Of course they can. The Falcons still have plenty of talent and some intriguing young options to fill in for their injured players, and they have the vaunted Matt Ryan to Julio Jones connection. I'm not going to pencil any game in as easy the rest of the way—aside from perhaps the Jets—but they're winnable. It will just require some great games from our favorite team.
If they're going to win, though, they're going to have to win a number of individual battles. Let's take a look at four of them.
Jonathan Massaquoi vs. Tyson Clabo
I touched on this one the other day, but it should be mentioned again.
Clabo has struggled thus far against speed rushers off the edge. The Falcons released him to save some money, but they also let him go because they saw that this was going to be the new reality with Clabo going forward. We either couldn't or didn't want to see that, naturally, and neither did the Dolphins.
Massaquoi can't do everything Kroy Biermann can do, but he's shown natural ability as a pass rusher thus far in 2013. Ryan Tannehill is nails under pressure unless you can actually get to him and bring him down, and while Osi Umenyiora is perfectly capable of doing so, Massaquoi has the better matchup.
If Clabo can show his old form and the rest of the Dolphins' line holds up well, the Falcons will need to lean heavily on their secondary to stop Tannehill. Mass getting into the backfield and wreaking some havoc certainly changes the equation.
Joplo Bartu vs. Charles Clay
Bartu acquitted himself well in coverage when matched up against Jared Cook last weekend, taking the productive tight end out of the game for long stretches. Compared to that, Charles Clay ought to be a piece of cake.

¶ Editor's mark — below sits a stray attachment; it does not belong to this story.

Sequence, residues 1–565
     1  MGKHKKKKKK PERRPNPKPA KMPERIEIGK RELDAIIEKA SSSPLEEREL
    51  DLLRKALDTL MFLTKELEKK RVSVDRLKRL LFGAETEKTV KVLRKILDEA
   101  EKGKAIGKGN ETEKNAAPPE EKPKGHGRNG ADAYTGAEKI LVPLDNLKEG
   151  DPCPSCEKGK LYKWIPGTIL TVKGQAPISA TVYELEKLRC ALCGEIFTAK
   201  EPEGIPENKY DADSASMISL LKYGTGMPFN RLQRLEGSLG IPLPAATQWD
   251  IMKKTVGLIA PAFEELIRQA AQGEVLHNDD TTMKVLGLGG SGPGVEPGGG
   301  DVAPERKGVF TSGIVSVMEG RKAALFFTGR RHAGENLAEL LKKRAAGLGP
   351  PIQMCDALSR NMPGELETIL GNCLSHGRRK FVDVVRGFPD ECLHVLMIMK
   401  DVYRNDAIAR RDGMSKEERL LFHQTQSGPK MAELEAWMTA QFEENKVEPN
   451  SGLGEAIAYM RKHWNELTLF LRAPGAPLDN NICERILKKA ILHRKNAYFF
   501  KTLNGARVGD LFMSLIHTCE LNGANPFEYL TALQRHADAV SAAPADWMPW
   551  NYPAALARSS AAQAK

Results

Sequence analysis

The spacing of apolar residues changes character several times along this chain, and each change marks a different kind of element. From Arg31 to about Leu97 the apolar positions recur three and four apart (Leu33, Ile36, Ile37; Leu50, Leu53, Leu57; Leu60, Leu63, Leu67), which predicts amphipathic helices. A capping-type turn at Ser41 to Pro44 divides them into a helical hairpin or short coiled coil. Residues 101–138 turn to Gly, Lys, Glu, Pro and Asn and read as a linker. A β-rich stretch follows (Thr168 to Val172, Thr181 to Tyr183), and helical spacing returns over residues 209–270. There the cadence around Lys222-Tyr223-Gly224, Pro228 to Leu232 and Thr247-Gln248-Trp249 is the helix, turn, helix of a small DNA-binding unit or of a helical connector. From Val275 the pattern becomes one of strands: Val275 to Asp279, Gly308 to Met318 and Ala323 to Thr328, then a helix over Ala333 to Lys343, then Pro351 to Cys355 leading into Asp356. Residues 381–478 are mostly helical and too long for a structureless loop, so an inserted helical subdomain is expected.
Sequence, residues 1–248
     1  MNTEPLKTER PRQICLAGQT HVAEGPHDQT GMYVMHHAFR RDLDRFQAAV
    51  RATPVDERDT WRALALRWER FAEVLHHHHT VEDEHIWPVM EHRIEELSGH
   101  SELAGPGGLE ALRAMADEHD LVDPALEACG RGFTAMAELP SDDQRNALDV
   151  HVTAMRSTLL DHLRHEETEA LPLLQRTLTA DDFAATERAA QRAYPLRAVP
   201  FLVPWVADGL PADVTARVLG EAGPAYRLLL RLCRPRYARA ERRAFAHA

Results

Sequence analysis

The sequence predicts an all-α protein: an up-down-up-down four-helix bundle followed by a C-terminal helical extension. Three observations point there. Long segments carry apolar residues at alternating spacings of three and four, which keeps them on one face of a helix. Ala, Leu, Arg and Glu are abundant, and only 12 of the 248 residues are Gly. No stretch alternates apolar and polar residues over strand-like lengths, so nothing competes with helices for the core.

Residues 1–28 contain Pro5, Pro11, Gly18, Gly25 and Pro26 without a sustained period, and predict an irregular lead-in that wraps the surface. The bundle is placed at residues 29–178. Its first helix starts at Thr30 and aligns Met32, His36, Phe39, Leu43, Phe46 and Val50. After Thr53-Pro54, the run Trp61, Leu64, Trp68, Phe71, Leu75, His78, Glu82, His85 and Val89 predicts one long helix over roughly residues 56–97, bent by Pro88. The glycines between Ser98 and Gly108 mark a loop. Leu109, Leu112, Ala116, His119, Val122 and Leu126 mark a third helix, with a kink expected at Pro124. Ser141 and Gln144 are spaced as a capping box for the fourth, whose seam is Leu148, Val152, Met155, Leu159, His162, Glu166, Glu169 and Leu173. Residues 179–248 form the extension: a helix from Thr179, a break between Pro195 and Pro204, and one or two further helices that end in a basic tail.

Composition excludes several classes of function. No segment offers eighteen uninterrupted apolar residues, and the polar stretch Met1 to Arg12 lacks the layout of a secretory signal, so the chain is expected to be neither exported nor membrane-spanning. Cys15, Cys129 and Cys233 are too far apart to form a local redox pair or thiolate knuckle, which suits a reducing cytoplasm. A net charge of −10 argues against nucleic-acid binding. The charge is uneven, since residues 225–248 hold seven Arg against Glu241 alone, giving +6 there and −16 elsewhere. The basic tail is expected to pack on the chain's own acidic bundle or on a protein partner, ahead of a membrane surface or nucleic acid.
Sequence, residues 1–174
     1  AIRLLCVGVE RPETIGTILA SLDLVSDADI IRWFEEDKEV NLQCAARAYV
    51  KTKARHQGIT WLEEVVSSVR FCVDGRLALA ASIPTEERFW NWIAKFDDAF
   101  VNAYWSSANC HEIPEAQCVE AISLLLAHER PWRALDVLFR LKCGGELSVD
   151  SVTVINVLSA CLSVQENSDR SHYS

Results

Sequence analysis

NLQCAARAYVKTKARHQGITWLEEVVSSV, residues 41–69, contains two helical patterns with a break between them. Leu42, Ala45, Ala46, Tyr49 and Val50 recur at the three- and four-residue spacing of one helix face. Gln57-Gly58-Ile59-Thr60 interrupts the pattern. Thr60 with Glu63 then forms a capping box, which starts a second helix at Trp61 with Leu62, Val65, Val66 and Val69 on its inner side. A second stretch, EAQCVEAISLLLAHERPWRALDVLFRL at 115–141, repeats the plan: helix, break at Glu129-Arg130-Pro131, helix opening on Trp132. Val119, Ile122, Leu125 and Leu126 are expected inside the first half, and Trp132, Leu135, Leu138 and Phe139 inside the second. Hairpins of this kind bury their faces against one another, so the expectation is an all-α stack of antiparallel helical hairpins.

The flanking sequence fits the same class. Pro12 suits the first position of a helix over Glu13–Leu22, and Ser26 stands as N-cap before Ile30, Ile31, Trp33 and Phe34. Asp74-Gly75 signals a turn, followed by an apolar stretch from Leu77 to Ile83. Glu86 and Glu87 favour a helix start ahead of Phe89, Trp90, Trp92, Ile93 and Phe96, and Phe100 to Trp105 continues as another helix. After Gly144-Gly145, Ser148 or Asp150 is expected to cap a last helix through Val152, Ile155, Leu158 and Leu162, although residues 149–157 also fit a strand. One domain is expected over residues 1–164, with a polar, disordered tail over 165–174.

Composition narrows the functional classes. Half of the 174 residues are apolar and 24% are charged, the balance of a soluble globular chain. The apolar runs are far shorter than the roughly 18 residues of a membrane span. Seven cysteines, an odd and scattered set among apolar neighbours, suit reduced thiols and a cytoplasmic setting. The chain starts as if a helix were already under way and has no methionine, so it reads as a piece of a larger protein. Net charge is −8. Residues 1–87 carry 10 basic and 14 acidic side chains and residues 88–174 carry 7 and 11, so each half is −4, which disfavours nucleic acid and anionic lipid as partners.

Maybe not, though. Clay has been borderline lethal over two games, reeling in 10 catches for 163 yards. Tannehill trusts the 24-year-old with his life (I assume), and so this cake perhaps is holding a knife and warily circling Bartu, if I'm going to stretch this analogy further. Taking Clay out of the game leaves the secondary to deal with Mike Wallace and Brian Hartline, which I believe they're very capable of doing.
So Bartu will need to have another nice game in coverage, with Akeem Dent, Stephen Nicholas and the rest of the D stepping in when necessary.
Tony Gonzalez vs. Dolphins D
Let's flip the script! I've been assured by Dolphins fans that their otherwise excellent defense couldn't stop a tight end with the aid of a concrete barrier, so this is a nice matchup for Gonzo.
Gonzalez has started off his year fairly quietly, but you can't expect that to last forever. With the Falcons likely bringing a weak ground game and a still-gimpy Roddy White to Miami, it's going to be important for guys like Gonzalez and Harry Douglas to step up and take some pressure off of Julio Jones. Not that pressure fazes Julio Jones, of course.
So look for the Dolphins to try to take Gonzo out of the game. Look for Gonzo to respond by hopefully having his best game to date. This is one of Atlanta's clear cut advantages, and they'd be foolish not to look Tony's way tomorrow.
Lamar Holmes/Jeremy Trueblood vs. Cameron Wake
The Dolphins are going to bring heat off the edges. The Falcons are going to want to keep Matt Ryan alive. You know, important stuff.
Perhaps the biggest question will be whether the Falcons can hold back Cameron Wake. The former CFL star has become one of the league's more dangerous pass rushers, and he'll be coming at whoever is playing right tackle. Lamar Holmes has struggled to handle speed and Jeremy Trueblood is not known for his pass blocking acumen, so this is a bad mismatch on paper.
Patrick DiMarco, Tony Gonzalez and Jacquizon Snelldgers are going to get chipping opportunities, but largely the responsibility for stopping Wake will fall on one of the two guys mentioned above. Let's hope they're up to the task.
Your critical matchups?